In Estep v. Bailey, 94 Or. 59, 185 P. 227 (1919), the grantors sold and conveyed land to the grantee by a deed containing the usual covenants, including "that [the grantors] * * * shall warrant and forever defend the above granted premises, and every part and parcel thereof, against the lawful claims and demands of all persons whomsoever * * *." Thereafter, a third party with an outstanding lease successfully sued for the price of crops which he had planted on the deeded land. The court held that the existence of a valid lease at the date of the deed was a breach of the covenant against encumbrances for which the grantees were entitled to recover expenses incurred in defending against the third-party claim. 94 Or. at 66, 185 P. 227; see also Ellis v. Abbott, 69 Or. 234, 240, 138 P. 488 (1914); Balte v. Bedemiller, 37 Or. 27, 32-33, 60 P. 601 (1900).[2]

Covenant (C) is an agreement by the grantor to compensate the grantee in money if title fails or, in general, to protect against adverse lawful claims and demands. See 21 CJS "Covenants," § 47; 20 Am.Jur.2d "Covenants, Conditions, and Restrictions," § 50. The covenant carries with it the obligation to defend and protect the grantee against the lawful claims of all persons asserted thereafter and to indemnify for costs incurred where the grantee in good faith, but unsuccessfully, undertakes to defend the title. See 6A Powell, Law of Real Property, § 899 (1987); 4 Tiffany, Real Property, § 1020 (1975); 20 Am.Jur.2d 625, § 54. Like the covenant against encumbrances, this covenant does not extend to adverse claims that are without *857 legal foundation, but only against hostile titles, superior in fact to that conveyed by the grantor. 20 Am.Jur.2d 627, § 56. Because the covenant is prospective in nature, the underlying claim must be resolved before there can be a breach of warranty and a subsequent duty to indemnify.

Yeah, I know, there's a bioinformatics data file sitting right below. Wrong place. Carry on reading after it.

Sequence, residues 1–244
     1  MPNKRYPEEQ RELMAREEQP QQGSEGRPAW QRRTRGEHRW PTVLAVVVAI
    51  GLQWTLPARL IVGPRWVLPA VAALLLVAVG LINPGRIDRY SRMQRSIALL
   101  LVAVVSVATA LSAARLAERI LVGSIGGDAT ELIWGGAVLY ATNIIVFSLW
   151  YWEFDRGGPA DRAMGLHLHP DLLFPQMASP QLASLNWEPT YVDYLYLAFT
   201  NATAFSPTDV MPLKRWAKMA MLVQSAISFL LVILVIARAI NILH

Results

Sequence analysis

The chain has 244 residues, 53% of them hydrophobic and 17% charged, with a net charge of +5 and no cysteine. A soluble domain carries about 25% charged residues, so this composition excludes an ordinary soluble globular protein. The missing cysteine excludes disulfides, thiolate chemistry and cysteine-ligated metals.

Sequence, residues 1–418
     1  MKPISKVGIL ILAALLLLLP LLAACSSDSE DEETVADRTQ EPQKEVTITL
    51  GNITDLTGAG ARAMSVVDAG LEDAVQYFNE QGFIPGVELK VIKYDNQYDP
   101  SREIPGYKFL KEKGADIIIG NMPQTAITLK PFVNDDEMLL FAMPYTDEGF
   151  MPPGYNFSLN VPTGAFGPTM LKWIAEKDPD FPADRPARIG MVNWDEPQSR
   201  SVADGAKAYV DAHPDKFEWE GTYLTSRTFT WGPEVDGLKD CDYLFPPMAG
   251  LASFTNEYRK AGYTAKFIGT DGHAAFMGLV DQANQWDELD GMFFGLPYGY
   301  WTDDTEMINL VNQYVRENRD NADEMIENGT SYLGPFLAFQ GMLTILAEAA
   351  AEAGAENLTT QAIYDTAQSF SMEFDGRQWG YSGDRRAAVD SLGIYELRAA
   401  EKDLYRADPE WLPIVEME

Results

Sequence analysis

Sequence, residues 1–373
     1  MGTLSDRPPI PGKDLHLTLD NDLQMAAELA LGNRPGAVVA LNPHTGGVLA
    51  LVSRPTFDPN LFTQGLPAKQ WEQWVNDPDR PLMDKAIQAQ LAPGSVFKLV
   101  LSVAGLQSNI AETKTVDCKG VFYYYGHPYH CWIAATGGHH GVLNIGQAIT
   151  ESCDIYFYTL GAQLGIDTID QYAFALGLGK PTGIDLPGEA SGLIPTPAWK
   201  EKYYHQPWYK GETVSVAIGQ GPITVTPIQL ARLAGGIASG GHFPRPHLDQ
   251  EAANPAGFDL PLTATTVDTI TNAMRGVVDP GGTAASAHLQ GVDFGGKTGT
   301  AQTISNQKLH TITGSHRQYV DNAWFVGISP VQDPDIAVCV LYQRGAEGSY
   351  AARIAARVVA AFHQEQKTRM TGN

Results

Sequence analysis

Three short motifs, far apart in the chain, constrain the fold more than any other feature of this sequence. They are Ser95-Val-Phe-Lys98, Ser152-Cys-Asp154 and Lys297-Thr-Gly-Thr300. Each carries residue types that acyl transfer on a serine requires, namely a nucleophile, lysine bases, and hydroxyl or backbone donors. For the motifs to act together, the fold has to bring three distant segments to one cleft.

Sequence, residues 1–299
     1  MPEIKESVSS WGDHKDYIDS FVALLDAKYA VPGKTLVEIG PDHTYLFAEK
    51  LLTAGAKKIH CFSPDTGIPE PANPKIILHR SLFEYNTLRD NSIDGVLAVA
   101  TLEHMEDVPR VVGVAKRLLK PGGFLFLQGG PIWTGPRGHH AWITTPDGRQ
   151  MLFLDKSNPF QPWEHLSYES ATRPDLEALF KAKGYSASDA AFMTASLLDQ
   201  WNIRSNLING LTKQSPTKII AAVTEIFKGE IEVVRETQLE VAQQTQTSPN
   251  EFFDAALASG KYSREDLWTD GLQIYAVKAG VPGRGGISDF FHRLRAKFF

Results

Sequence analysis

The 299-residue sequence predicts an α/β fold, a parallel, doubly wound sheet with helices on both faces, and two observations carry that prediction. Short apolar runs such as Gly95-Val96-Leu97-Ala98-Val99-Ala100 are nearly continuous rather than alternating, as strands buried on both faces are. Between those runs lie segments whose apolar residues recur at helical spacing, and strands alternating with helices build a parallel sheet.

Under the facts of this case, the grantee is not entitled to demand of the grantor expenses in defending a suit which sustained the title as valid. The covenant does not protect against the mere assertion of an adverse claim. The grantor did not warrant that no one should ever sue the grantees or in any way bind herself to indemnify them for expenses incurred in defending against assaults by inferior titles.

Here, the Haeders successfully defended against the adverse possession claim. Because the Chaneys did not assert a valid, lawful claim, covenant (C) was not broken, and the agreement to indemnify was not triggered. Therefore, the Haeders are not entitled to indemnification.



[1] In Leach, the Supreme Court reviewed the law regarding warranty deeds, specifically, a grantor's covenant against encumbrances. ORS 93.850(2)(c)(B); ORS 93.850(3).

[2] In Balte, the purchaser sought costs of defending title to a mare against a third-party claimant. The court, concluding that the seller had breached an implied warranty of title, held:

"If the purchaser defends the title against an action brought by a third party, of which the vendor had notice, the latter will be compelled to pay, in case the title fails, not only the price received, and interest thereon, but also the costs and expenses of the defense." 37 Or. at 32, 60 P. 601. (Emphasis supplied.)